Wireless calls create emergency services challenge

Wireless calls create emergency services challenge

Dispatchers, swamped with 911 calls from cell phone users, try new ways to locate the callers

By George V. Hulme
Special to GCN

Capt. Joe Hanna and dispatcher Monica Graham monitor 911 calls in Richardson, Texas.

More than 100,000 times a day, emergency personnel answering 911 calls spend precious minutes determining the exact location of distressed callers who are using mobile phones. New technology could help public safety officials pinpoint callers' locations more quickly and accurately.

'The whole face of emergency calls is changing very rapidly with wireless phones. I'd estimate that 30 percent of all calls to 911 are now coming from a wireless connection,' said Capt. Joe Hanna, manager of the public safety communications center for the city of Richardson, Texas, and president-elect of the Association of Public Safety Communication Officials.

The number of wireless subscribers is growing, straining the nation's 3,700 public safety answering points (PSAPs).

Too far away

'More and more wireless calls are coming in and widening this problem. Sometimes the cell site information that is sent is all the way across the county, and the caller ends up reaching a PSAP that is not closest to the caller,' said Buddy Shaffer, 911 director in Sumner County, Tenn.

In December 1997, in an attempt to alleviate this problem, the Federal Communications Commission mandated that wireless operators transmit all wireless 911 calls from both subscribers and nonsubscribers to all of the nation's PSAPs.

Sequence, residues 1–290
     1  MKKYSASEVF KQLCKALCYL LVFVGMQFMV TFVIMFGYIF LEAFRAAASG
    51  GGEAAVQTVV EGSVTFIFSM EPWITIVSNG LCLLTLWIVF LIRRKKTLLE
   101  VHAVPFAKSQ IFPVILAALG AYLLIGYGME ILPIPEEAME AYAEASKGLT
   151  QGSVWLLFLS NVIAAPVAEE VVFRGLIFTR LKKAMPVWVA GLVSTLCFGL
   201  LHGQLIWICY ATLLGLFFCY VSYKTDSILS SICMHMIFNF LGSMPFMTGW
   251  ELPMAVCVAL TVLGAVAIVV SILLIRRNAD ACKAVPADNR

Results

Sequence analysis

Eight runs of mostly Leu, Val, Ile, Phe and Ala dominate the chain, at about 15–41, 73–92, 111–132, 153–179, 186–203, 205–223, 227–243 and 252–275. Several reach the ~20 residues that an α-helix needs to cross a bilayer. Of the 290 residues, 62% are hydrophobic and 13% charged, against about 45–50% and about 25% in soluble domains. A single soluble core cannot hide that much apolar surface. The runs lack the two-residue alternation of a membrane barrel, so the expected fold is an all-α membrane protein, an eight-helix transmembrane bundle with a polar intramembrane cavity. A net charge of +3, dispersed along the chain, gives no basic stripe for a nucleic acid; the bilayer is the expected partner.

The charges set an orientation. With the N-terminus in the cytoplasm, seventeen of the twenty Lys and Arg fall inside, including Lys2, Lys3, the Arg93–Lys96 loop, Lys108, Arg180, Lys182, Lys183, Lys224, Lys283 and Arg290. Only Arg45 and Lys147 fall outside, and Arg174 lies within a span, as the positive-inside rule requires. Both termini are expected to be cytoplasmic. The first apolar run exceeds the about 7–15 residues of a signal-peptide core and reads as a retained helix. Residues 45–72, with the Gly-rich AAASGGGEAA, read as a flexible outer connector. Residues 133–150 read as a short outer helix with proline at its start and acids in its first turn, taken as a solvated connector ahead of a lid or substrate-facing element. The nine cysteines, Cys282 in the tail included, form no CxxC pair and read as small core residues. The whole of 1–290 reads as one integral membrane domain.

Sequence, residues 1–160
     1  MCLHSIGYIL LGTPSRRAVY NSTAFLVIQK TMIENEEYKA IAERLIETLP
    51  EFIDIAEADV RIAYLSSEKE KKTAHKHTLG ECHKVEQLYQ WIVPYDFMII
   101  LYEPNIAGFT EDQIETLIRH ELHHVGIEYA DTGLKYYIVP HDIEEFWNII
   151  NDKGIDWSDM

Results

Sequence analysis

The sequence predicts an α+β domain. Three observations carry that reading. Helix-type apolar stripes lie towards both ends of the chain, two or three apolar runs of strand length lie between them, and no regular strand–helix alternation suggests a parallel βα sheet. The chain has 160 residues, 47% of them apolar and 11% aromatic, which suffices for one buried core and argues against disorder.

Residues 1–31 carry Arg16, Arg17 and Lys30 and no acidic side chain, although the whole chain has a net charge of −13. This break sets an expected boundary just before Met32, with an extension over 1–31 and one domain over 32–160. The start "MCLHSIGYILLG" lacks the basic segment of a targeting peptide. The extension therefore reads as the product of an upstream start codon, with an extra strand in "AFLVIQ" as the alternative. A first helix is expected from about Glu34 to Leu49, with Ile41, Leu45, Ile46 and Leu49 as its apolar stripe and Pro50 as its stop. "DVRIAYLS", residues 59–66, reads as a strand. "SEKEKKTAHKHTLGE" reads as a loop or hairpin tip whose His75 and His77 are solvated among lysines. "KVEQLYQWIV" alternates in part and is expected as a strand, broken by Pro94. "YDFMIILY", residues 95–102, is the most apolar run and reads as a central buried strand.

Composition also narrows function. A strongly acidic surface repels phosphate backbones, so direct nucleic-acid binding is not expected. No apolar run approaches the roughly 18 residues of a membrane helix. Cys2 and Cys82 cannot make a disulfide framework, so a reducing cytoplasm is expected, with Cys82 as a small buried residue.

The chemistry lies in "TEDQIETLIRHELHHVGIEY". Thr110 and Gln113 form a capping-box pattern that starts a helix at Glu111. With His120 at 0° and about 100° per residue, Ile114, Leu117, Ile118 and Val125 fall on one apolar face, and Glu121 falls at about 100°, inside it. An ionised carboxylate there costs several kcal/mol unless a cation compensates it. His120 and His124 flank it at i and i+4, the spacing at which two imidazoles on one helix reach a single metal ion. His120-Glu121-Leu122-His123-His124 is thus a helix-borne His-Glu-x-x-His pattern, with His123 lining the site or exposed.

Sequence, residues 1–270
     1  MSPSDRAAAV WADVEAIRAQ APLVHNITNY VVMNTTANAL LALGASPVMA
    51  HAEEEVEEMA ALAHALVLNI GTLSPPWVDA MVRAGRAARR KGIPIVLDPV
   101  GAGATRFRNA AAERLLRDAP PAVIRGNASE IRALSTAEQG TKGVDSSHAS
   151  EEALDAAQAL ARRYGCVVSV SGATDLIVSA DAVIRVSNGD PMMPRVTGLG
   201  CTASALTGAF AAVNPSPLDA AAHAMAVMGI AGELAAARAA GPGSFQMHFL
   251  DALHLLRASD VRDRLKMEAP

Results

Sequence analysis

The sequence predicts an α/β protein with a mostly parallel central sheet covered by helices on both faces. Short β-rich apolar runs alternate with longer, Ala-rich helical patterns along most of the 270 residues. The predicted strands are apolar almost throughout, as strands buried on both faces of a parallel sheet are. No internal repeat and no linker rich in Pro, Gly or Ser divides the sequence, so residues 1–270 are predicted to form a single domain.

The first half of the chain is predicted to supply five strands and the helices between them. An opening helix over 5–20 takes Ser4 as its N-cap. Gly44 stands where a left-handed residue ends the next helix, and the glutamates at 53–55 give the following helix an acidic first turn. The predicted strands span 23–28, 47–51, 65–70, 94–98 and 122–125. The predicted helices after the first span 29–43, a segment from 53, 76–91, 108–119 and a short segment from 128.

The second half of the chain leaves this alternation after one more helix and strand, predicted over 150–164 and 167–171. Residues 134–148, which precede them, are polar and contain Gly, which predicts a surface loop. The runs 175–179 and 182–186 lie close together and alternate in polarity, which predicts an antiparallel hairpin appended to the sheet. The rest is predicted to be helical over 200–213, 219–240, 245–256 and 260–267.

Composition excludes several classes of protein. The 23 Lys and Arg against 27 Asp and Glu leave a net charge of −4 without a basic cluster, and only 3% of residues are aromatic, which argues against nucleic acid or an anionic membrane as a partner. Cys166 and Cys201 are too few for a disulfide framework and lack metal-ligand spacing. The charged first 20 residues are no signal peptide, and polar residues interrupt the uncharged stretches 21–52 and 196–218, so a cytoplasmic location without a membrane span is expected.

The mandate is in two parts: Phase I, completed in April last year, required carriers to provide automatic number identification and cell site information to all PSAPs. Under Phase II, carriers must install technology by Oct. 1, 2001, that will let them pinpoint mobile 911 callers within a range of at least 125 meters. But despite the FCC mandate, wireless 911 service still remains spotty.

There are several competing technologies that carriers can choose to transfer location information to a PSAP. Network technology requires carriers to place transceivers within each cell location of their network. When an emergency call is placed, the signal from the phone must be received by three cell sites. The location is calculated by determining the signal strength to each cell and comparing the calculated time of arrival, and time distance of arrival or the angle of arrival of the signals.

This method works well in urban areas with a high concentration of cell sites, but in rural areas with a single cell the method won't work at all. And costs range from $20,000 to $50,000 per cell.

An alternative requires a fully functional Global Positioning System receiver to be built into each wireless phone. When a call is placed, the phone already knows its location and sends this information to the PSAP. The drawbacks to this system are increased battery drain and the phones' higher cost and weight.

The third approach is a hybrid of those two. GPS units track the 24 orbiting GPS satellites and pass critical information such as time, altitude, velocity and location to the handset. When a 911 call is made, the handset passes the location data to the PSAP.

Lucent Technologies Inc. of Murray Hill, N.J., and Qualcomm Inc. of San Diego recently announced a partnership to develop GPS-based wireless location technology that is accurate down to 15 feet outdoors and 100 feet indoors.

Both companies expect to have the technology ready by the 2001 deadline.

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